Rev. Sun Myung Moon

As a Peace-loving Global Citizen is the autobiography of Rev. Sun Myung Moon, the founder of the Unification Movement. It was published in 2009 in both Korean and English by Gimm-Young Publishers of Seoul, South Korea. The book was released in South Korea on March 9, 2009 and debuted at #3 on the Businesss bestseller's list. It has ranked in various bestseller lists since then and was ranked 15th on the General bestseller's list as of October 14, 2009.

A Single Dandelion Is More Precious Than Gold

       In addition to being a habitat for many plants and animals, the Pantanal is also an important source of oxygen for the earth. It is the “lungs of the world” and “nature’s sponge,” producing more oxygen than any other area. It is also a storehouse of greenhouse gases. The Pantanal is changing rapidly, however, due to industrial development. If the Amazon region, which provides such a large amount of oxygen for the earth, is destroyed, the future of humanity will be dismal.

       Some thirty-six hundred species of fish live in the Pantanal. One is a gold-colored fish called the dorado, which usually weighs more than forty pounds. When a dorado first took my hook, it felt like my body was being sucked into the river. As I was reeling in the line with all my strength, it jumped out of the water several times. After several jumps it still had plenty of strength left to fight. It was so strong it seemed more like a bear or a tiger than a fish.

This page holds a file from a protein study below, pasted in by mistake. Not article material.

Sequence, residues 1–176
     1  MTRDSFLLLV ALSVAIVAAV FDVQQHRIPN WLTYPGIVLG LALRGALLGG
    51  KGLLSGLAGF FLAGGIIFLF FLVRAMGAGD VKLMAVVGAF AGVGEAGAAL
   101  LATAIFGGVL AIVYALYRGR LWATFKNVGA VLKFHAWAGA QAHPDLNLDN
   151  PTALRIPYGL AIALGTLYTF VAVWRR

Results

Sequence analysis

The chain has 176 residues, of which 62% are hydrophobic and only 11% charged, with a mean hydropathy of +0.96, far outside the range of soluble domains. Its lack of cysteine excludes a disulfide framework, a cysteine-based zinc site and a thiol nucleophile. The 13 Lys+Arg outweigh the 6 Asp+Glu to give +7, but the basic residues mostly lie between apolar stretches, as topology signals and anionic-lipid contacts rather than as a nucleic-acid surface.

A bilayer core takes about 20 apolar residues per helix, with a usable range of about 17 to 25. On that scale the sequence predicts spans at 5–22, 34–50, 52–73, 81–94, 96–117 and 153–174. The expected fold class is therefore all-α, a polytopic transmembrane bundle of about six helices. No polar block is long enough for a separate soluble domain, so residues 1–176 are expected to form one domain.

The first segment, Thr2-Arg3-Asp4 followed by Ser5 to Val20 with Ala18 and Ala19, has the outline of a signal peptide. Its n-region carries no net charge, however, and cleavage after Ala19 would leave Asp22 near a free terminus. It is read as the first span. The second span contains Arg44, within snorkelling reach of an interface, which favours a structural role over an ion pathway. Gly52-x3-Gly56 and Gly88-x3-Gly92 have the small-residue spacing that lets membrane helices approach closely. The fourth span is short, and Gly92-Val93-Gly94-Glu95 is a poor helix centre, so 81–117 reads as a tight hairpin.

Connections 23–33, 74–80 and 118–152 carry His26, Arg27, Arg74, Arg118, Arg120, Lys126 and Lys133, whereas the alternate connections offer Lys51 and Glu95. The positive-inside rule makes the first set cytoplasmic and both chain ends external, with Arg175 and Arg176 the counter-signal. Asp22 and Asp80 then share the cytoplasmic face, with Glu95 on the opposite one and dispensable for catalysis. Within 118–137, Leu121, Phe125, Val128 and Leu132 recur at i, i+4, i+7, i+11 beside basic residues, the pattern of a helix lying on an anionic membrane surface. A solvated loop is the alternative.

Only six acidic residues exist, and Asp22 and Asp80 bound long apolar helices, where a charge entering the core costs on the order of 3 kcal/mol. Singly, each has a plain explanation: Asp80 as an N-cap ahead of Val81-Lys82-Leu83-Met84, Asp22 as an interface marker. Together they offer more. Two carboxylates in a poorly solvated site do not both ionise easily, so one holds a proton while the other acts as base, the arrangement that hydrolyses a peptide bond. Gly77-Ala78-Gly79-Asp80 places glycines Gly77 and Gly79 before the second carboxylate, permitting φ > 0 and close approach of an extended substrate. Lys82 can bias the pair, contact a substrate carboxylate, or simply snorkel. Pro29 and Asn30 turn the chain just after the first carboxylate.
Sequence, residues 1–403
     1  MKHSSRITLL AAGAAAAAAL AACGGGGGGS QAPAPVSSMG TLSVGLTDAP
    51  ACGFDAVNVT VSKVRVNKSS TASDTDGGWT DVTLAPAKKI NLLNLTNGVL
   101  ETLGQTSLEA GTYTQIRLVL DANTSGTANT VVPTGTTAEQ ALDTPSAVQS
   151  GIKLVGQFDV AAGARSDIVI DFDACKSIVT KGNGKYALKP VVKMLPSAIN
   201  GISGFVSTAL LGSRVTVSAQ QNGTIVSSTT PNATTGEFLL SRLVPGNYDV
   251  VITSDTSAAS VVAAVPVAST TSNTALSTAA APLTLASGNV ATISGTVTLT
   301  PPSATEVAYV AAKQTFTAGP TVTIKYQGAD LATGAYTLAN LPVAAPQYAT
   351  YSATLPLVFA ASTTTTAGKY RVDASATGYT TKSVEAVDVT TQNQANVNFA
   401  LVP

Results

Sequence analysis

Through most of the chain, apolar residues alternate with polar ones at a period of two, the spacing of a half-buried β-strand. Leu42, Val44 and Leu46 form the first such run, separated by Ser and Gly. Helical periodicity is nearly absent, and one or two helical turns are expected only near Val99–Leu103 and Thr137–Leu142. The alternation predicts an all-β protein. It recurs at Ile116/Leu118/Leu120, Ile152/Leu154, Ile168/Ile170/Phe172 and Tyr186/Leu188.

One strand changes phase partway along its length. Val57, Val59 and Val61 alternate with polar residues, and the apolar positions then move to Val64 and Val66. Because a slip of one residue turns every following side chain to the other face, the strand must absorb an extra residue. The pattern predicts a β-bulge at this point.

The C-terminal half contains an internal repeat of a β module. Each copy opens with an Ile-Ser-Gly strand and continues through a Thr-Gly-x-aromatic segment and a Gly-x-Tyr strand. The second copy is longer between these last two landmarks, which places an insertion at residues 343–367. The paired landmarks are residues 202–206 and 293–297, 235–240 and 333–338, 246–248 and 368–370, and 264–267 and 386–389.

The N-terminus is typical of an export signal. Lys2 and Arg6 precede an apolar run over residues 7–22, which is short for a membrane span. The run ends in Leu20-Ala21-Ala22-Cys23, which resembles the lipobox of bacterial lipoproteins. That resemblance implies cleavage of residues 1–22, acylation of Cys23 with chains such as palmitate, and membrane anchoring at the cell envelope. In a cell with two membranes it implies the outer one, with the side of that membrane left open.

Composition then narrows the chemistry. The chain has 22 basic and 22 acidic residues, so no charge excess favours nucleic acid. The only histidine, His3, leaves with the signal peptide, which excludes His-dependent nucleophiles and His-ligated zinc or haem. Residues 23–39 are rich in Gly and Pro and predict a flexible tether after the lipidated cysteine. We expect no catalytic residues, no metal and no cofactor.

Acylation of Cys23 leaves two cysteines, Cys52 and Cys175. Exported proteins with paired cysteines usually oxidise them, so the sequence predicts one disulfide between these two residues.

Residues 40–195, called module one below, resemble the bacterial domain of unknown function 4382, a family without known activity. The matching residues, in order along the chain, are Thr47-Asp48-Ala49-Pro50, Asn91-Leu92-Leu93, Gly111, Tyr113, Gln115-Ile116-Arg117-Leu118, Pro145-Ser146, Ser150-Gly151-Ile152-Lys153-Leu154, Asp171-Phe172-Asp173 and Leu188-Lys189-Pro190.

The lakes in the Pantanal are always clean. No matter what is put into the water, it quickly becomes clean again. The water is cleansed quickly because there are so many different species of fish living there. Each species feeds on something different. Living together in a complex system, they devour anything that dirties the water. Their act of feeding has the function of keeping the water pure. Fish are very different from human beings. The fish don’t live for their own sake. They live to clean their environment and make it better.

       The back of a water hyacinth’s leaf in the Pantanal wetlands is black with bugs. If the bugs were to remain there, the hyacinth would not be able to live, but there are fish that eat those bugs off the leaves. So the bugs live, the hyacinth lives, and the fish live. This is what nature is like. No creature lives for itself. Instead, they live for each other. Nature teaches us this tremendous lesson.

       No matter how many fish there are in the Pantanal, if people are given the freedom to fish there, the population is bound to decrease. To protect the fish we need to develop fish farms. Because the fish in the Pantanal are so precious, we need to develop many fish farms. Similar facilities to protect insects, birds, and mammals are also needed. Raising insects will help increase the bird population. The Pantanal provides a perfect environment for all these creatures, and by focusing on how to increase their population humankind can continue to enjoy them for centuries to come.